Shore Medical Center offers a wide array of clinical positions and opportunities. Below, you'll learn about many of these positions, as well as the education and other requirements necessary to work in each field in New Jersey.
- Registered Nurse
The registered nurse (RN) works in a variety of settings throughout the hospital providing care to patients. The field has a multitude of specialty areas in which the registered nurse may choose to specialize. Once considered a job for women, competitive salaries, advances in technology and job stability have transformed the nursing field as one open to both men and women alike.
The educational requirements to become an RN can be met by completing a hospital-based diploma program, Associate's Degree or Baccalaureate Degree program. All registered nurses must be licensed by the state board of nursing to be eligible to work. In Atlantic County, entry level nursing programs for RN candidates is available at the Richard Stockton College of New Jersey (BSN) and Atlantic Cape Community College.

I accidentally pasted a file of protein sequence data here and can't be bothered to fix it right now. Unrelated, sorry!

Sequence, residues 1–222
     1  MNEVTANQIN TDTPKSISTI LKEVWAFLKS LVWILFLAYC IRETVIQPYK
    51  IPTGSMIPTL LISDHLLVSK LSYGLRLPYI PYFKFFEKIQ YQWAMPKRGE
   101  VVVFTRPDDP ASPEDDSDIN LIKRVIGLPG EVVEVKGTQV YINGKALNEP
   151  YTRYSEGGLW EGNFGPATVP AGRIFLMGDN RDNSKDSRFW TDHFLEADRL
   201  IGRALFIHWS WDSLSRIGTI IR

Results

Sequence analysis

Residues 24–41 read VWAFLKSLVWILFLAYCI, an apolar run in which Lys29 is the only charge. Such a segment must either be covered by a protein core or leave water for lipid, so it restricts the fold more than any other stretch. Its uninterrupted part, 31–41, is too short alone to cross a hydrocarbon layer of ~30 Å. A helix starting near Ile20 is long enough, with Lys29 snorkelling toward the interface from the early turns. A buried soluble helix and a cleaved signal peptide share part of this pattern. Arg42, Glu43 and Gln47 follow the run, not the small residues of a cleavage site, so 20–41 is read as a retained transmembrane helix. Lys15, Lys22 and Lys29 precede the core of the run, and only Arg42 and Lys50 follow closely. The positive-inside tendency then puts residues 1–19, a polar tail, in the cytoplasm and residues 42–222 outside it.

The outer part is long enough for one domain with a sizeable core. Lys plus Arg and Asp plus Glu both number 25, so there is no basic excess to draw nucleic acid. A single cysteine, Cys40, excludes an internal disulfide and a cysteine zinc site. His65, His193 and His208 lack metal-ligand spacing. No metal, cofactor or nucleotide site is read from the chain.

Working as a Registered Nurse
The role of the registered nurse is vast and includes the care and treatment of patients, education of patients, their families and/or caregivers, provide emotional support to patients and their families, to administer medications, aid in the performance of diagnostic tests and interpret results. Registered nurses may also provide education and training to the public at large about medical procedures or treatments, wellness activities and the promotion of good health.